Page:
Choose your own adventure: the paths we leave behind

Strategist and storyteller Natasha Randhawa on how returning to choose a new path is part of life's adventure

You’re seven years old and you’re hurtling through hyperspace…

You’re slaying dragons, sparring with enemy ninjas, protecting planets from total destruction. Mum may have said no to McDonald’s for dinner but here, you call the shots.

You’re nose deep in yet another Choose Your Own Adventure book. And in schools and libraries and homes all over the world, other children are choosing them too. The series sold over two hundred and fifty million books from its launch in 1979 to 1999. It’s been printed in thirty eight languages. Even now, it’s the fourth bestselling children’s book series of all time.

As a kid, adventure is enticing. As a girl growing up in the nineties, when adventures were whatever you could conjure up with your Barbies, those books were irresistible. They were portals to fully-fledged worlds. In fact, The Cave of Time (1979) — the story that kicks the series off — centres on a cave that, you guessed it, can transport you anywhere in time. Take one tunnel and it’s up to you to save the Titanic. Another, you’re building The Great Wall of China with your bare hands, or riding a mammoth, bucking bronco style.

Before any time travel ensues, however, the book begins rather ominously. Remember — you cannot go back. A warning… or perhaps, a challenge? The point is, you will go back. Going back is the point. The magic of a Choose Your Own Adventure book isn’t the adventure; it’s the choice. You’re seven years old, and these pages are your proverbial ice cream stall. You can pick chocolate and still get to taste peanut butter, bubblegum and Rocky Road. When you’re a kid, you get to take things back and try again.

So how old are we when we stop choosing adventures?

For the majority, adulthood is accompanied by more agency and decision-making. Many of us are The Decision Makers — entrepreneurs, strategists, experts — and as our careers span years into decades, we’re generally expected to be all the better at choosing well. It’s a strange paradox then, that when making such decisions, the desire to keep moving forward can leave us stuck with tunnel vision. As brands we’re eager to be liked, perceived as cool. So we focus on what feels fresh; on disruption through radical new campaigns and reaching those blue ocean markets. There’s a resistance in revisiting what’s been left on the cutting room floor. It begs the question; are all forks in the road final? In our quest to pursue the best route, should we be revisiting the paths we once left behind?

The world needs new ideas and innovation, but innovation doesn’t require reinventing the wheel. Butterfly hair clips and low rise jeans are back in fashion, so what’s hiding in your archives that could be back on trend? Perhaps now is the right time to dust off those proposals that were vetoed in 2017, long before the pandemic reshaped the working landscape and the world at large.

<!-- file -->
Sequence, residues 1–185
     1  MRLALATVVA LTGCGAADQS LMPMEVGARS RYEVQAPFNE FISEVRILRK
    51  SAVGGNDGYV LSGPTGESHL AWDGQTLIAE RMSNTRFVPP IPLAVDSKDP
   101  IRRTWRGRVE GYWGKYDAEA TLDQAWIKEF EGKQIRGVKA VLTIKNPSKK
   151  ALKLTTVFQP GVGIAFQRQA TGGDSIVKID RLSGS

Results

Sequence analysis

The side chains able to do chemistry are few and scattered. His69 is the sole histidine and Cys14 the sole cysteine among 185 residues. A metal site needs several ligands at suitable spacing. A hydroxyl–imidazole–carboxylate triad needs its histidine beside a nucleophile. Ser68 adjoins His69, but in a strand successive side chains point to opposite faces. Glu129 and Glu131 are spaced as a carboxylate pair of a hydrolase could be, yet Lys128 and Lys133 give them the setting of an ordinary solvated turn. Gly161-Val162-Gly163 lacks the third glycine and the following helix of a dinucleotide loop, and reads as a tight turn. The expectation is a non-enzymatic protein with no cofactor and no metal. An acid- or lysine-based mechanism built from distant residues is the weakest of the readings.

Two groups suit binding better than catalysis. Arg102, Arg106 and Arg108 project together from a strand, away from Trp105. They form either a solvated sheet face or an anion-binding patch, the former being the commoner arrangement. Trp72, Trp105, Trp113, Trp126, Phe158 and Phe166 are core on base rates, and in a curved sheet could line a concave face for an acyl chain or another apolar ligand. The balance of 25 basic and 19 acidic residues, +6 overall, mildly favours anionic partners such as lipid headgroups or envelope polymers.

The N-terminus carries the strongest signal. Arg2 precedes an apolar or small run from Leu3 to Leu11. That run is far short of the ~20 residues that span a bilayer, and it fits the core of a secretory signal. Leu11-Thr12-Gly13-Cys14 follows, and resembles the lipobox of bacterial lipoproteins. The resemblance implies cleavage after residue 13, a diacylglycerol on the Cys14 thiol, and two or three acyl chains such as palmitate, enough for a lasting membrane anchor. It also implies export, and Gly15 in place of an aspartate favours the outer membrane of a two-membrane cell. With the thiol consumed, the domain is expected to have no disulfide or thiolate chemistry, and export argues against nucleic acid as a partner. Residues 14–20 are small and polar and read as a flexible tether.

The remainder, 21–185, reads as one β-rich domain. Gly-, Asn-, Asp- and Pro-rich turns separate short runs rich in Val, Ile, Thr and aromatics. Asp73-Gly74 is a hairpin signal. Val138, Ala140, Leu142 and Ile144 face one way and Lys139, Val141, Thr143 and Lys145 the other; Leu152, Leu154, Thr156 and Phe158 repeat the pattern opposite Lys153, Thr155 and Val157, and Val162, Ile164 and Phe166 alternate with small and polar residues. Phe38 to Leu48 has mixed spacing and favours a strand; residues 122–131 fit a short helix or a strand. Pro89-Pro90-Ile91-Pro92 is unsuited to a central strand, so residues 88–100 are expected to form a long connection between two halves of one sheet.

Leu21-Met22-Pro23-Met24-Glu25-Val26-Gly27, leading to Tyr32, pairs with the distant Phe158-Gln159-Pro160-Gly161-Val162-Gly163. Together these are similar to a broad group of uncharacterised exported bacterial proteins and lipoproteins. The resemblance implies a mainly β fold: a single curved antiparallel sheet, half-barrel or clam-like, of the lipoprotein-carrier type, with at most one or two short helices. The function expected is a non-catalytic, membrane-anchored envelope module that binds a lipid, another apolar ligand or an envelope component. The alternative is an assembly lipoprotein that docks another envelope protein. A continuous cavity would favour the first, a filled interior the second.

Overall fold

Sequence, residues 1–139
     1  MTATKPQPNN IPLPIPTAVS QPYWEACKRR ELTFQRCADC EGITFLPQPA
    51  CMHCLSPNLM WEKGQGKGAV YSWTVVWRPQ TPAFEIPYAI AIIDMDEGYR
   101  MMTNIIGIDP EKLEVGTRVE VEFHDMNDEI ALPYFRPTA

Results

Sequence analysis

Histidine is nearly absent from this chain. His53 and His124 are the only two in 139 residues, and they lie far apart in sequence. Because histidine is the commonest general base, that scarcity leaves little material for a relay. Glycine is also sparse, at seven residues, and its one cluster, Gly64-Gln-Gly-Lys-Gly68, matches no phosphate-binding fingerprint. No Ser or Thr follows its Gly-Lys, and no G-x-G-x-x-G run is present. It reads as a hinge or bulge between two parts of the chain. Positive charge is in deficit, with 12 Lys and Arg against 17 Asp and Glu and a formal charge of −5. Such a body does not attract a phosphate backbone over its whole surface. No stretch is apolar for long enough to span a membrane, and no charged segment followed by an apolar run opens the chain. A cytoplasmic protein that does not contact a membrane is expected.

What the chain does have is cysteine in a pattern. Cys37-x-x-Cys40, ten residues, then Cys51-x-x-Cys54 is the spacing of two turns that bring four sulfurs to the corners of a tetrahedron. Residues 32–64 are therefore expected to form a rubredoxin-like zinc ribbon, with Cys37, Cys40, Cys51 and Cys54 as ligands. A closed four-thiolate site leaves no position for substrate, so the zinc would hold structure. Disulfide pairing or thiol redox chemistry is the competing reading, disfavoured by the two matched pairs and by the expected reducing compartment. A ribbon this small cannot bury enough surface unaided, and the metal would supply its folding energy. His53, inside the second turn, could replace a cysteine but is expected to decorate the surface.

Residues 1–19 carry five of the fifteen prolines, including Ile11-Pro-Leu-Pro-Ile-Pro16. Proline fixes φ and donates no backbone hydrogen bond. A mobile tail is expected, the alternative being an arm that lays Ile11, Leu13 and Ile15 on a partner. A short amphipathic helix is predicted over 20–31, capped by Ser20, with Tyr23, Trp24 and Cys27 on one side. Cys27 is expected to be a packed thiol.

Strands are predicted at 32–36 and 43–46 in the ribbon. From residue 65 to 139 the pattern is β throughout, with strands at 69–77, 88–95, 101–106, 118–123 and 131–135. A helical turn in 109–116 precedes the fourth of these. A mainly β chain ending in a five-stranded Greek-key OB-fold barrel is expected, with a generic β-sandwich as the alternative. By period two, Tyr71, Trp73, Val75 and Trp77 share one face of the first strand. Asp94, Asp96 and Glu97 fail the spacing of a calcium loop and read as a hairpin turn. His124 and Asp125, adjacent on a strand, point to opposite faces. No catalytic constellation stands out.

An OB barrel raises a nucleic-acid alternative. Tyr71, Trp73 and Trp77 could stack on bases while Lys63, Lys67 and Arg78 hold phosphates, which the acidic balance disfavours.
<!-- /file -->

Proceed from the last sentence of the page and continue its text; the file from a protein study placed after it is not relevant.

Indeed Covid has, in some ways, catalysed a new sense of freedom for alternative career paths. According to insights published by LinkedIn, there was a 143% increase in UK e-commerce hires between 2019 and 2022. Add to that significant growth in Healthcare, Construction and Specialised Medicine, we get a glimpse at ‘transferable skills’ in full effect. Just this week, Forbes reported that there’s an estimated 35 million digital nomads worldwide (and counting). And if you’ve read Sarah Ellis and Helen Tupper’s book on ‘squiggly careers’, you’ll already know that more and more of us are moving frequently between roles, industries, locations and careers. We’re doing things we once ruled out, and we’re doing them on our own time.

Of course, we’ve always known that much of life is non-linear — but how often do we think of success that way? Changing direction doesn’t equal regression. As grown-ups, let’s give ourselves permission to backtrack. Share those ideas that didn’t quite stick before; they may now have staying power. Sample every flavour of ice cream.

Choose your own adventure, and then choose another.

Featured image: Choose Your Own Adventure on Bookriot

Natasha Randhawa, Editor-at-large at MediaCat Magazine

Tash joined the magazine as Editor-at-large at the start of 2023. Previously she headed comms for The Marketing Society (2018-2022). Now, as Editor-at-large, she travels around Southeast Asia, writing about culture, social impact, creativity and technology, and how these forces influence the marketing industry and wider business world.

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